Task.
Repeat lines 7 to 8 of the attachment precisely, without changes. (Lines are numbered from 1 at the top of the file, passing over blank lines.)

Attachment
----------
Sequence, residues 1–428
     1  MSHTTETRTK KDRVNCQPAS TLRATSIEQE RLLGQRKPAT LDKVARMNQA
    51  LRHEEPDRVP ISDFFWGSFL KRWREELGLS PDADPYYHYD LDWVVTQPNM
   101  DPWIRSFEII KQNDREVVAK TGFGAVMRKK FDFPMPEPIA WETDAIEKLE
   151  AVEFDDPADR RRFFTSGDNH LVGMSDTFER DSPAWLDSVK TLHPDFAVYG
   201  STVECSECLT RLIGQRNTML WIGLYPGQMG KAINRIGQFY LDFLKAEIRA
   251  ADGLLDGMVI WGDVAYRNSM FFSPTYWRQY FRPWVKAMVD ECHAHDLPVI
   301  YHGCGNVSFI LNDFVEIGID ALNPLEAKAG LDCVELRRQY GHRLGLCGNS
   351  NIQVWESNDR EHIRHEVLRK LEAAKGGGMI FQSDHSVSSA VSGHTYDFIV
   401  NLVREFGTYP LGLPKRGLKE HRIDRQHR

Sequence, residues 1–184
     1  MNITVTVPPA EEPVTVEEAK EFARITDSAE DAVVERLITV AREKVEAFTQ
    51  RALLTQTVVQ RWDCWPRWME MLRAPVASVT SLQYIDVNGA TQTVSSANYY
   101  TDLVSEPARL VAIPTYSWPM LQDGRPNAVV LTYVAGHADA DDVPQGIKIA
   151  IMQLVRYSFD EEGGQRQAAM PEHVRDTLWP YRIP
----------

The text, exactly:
   251  ADGLLDGMVI WGDVAYRNSM FFSPTYWRQY FRPWVKAMVD ECHAHDLPVI
   301  YHGCGNVSFI LNDFVEIGID ALNPLEAKAG LDCVELRRQY GHRLGLCGNS